The First Great Bama

  • Rav Gad Eldad
 
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Dedicated by Mr. and Mrs. Leon Brum for the Refua Sheleima of
Dana Petrover (Batsheva bat Gittel Aidel Leba)
and Marvin Rosenberg (Meir Chaim ben Tzipporah Miriam)
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In Parashat Tzav, as in Parashat Vayikra, the Torah lists the sacrifices, giving us the details about how they are to be offered and consumed, from the point of view of the priest (kohen) as well as the point of view of the person brining the sacrifice.[1] The completion of the picture allows us to consider the sacrificial service from above, and it is precisely this bird's eye view that provides us with new insights.
 
The sacrificial service and the atonement that it achieves is connected to the proper functioning of the priests (kohanim), the seed of Aharon — who is the founder of the priestly dynasty. Accordingly, the priests are mentioned with great frequency over the course of these parashiyot. However, they are not always referred to with the same terminology (emphasis mine in all citations):
 
And the Lord called to Moshe, and spoke to him out of the tent of meeting, saying: Speak to the Israelites, and say to them: When any man of you brings an offering to the Lord…
 
If his offering be a burnt-offering of the herd, he shall offer it a male without blemish; he shall bring it to the door of the tent of meeting, that he may be accepted before the Lord. And he shall lay his hand upon the head of the burnt-offering… And he shall kill the bullock before the Lord; and Aharon's sons, the priests (bnei Aharon ha-kohanim), shall present the blood, and dash the blood all around against the altar that is at the door of the tent of meeting…
 
And Aharon the priest’s sons (bnei Aharon ha-kohen) shall put fire upon the altar, and lay wood in order upon the fire. And Aharon's sons, the priests, shall lay the pieces, and the head, and the suet, in order upon the wood that is on the fire which is upon the altar; but its inwards and its legs shall he wash with water; and the priest (ha-kohen) shall make the whole smoke on the altar, for a burnt-offering, an offering made by fire, of a sweet savor to the Lord. (Vayikra 1:1-9)
 
In the opening section of the book the most common designation is "Aharon's sons" with the addition "the priests/ the priest," but at the end of this section the term "Aharon's sons" is omitted, and the Torah contents itself with "the priest." If we continue to read the parashiyot dealing with the offerings, we will see that it is precisely the designation "Aharon's sons" with which the book opens that in the end is less common.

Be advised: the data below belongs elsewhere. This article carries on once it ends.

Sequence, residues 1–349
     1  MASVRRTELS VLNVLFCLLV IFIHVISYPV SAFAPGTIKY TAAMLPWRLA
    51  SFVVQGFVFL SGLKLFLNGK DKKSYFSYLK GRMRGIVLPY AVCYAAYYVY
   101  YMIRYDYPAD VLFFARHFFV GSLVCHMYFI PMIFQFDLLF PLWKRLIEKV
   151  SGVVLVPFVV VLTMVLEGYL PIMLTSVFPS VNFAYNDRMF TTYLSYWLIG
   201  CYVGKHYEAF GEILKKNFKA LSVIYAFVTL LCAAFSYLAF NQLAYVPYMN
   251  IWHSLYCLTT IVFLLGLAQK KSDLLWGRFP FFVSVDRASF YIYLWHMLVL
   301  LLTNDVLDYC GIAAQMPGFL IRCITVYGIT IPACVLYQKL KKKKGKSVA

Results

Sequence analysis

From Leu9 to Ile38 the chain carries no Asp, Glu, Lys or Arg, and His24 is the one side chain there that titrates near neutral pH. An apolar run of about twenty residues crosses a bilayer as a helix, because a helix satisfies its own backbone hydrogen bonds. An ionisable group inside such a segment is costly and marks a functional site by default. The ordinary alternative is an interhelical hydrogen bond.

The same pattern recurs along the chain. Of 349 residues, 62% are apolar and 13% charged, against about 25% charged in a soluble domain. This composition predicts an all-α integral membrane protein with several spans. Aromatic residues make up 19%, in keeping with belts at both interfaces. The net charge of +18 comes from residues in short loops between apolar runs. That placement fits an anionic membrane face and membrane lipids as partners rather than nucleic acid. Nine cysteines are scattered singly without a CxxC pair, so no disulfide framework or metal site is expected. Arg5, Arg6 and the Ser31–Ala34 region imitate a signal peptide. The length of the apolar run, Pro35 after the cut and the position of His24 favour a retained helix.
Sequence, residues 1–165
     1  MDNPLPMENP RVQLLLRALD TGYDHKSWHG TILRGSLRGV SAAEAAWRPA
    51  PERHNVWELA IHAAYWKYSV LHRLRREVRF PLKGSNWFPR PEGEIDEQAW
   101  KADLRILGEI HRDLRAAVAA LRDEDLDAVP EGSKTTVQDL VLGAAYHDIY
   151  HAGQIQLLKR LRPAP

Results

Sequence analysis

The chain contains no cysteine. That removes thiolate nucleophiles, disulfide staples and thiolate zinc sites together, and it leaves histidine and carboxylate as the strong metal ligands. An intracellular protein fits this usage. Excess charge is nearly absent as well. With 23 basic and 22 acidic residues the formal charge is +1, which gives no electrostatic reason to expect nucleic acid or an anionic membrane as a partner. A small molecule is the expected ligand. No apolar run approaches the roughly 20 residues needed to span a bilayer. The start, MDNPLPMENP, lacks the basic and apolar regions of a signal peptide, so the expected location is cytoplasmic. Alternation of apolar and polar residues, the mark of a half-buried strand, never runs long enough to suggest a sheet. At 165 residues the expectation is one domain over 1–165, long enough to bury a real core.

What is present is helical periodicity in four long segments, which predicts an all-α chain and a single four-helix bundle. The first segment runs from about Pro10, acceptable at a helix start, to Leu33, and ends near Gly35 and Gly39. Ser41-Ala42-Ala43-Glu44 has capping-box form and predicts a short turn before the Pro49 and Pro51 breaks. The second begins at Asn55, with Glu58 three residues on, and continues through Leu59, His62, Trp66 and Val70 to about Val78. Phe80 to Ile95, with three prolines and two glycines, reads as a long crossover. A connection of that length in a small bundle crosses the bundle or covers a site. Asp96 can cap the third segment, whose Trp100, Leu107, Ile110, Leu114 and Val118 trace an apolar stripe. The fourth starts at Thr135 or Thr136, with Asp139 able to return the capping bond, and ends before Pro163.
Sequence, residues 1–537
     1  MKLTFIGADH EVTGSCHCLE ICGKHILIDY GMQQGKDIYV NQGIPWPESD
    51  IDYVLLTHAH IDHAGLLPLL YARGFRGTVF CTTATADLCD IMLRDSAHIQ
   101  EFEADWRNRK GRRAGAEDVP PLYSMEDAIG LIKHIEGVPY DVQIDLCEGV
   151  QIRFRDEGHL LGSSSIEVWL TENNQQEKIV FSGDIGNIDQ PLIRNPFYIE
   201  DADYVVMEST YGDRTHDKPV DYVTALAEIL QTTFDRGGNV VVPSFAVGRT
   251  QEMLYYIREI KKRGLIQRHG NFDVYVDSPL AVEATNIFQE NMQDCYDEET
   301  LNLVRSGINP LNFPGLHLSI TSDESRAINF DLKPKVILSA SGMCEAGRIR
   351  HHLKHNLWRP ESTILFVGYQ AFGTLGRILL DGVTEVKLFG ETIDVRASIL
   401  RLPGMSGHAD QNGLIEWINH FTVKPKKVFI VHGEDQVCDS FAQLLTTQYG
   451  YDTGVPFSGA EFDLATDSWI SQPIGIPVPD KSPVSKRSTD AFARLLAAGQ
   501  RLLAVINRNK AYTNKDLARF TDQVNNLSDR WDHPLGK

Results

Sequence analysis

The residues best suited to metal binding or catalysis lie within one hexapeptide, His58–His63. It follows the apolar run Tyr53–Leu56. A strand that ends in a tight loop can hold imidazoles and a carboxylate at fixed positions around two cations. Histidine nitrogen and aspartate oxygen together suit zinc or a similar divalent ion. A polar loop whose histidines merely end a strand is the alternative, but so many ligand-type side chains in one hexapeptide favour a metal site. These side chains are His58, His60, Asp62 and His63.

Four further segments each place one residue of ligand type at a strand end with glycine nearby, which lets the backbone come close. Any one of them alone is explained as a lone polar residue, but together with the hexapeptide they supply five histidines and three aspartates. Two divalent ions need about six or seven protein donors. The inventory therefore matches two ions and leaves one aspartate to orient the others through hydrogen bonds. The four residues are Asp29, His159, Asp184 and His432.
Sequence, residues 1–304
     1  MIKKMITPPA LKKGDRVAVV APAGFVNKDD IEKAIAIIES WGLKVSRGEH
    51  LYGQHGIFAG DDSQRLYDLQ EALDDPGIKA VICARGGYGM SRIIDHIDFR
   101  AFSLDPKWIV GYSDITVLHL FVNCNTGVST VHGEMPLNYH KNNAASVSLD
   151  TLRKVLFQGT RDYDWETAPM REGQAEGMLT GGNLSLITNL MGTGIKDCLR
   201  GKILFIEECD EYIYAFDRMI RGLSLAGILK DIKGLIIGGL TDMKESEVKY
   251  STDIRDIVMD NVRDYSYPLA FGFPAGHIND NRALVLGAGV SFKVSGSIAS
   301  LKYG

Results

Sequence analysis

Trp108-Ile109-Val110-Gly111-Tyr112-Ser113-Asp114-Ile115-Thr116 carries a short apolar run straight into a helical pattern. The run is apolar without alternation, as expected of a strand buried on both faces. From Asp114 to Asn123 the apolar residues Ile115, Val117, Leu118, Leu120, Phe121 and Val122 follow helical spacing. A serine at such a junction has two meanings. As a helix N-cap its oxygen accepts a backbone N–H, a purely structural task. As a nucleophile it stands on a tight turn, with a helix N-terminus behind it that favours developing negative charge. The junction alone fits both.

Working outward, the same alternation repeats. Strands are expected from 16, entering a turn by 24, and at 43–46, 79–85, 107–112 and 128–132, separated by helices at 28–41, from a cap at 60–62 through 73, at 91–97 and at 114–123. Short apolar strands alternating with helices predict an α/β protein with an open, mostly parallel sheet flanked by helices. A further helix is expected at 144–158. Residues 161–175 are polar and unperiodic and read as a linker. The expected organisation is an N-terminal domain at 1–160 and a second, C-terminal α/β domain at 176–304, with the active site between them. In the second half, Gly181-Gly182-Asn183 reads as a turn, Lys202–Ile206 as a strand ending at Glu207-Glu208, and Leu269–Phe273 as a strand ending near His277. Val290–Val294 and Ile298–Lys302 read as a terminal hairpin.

It is possible that the Torah is merely seeking variety, but we will try to come up with a rule to account for the appearances of the expression bnei Aharon.
 
“Aharon’s Sons”
 
In addition to this designation being used in connection with the burnt-offering, it is also used in connection with the meal-offering:
 
And when any one brings a meal-offering to the Lord, his offering shall be of fine flour; and he shall pour oil upon it, and put frankincense thereon. And he shall bring it to Aharon's sons, the priests; and he shall take from it his handful of the fine flour thereof, and of the oil thereof, together with all the frankincense thereof; and the priest shall make the memorial-part thereof smoke upon the altar, an offering made by fire, of a sweet savor to the Lord. But that which is left of the meal-offering shall be Aharon’s and his sons’; it is a thing most holy of the offerings of the Lord made by fire…
 
And if your offering be a meal-offering of the stewing-pan, it shall be made of fine flour with oil. And you shall bring the meal-offering that is made of these things to the Lord; and it shall be presented to the priest, and he shall bring it to the altar. And the priest shall take off from the meal-offering the memorial-part thereof, and shall make it smoke upon the altar, an offering made by fire, of a sweet savor to the Lord. But that which is left of the meal-offering shall be Aharon’s and his sons’; it is a thing most holy of the offerings of the Lord made by fire…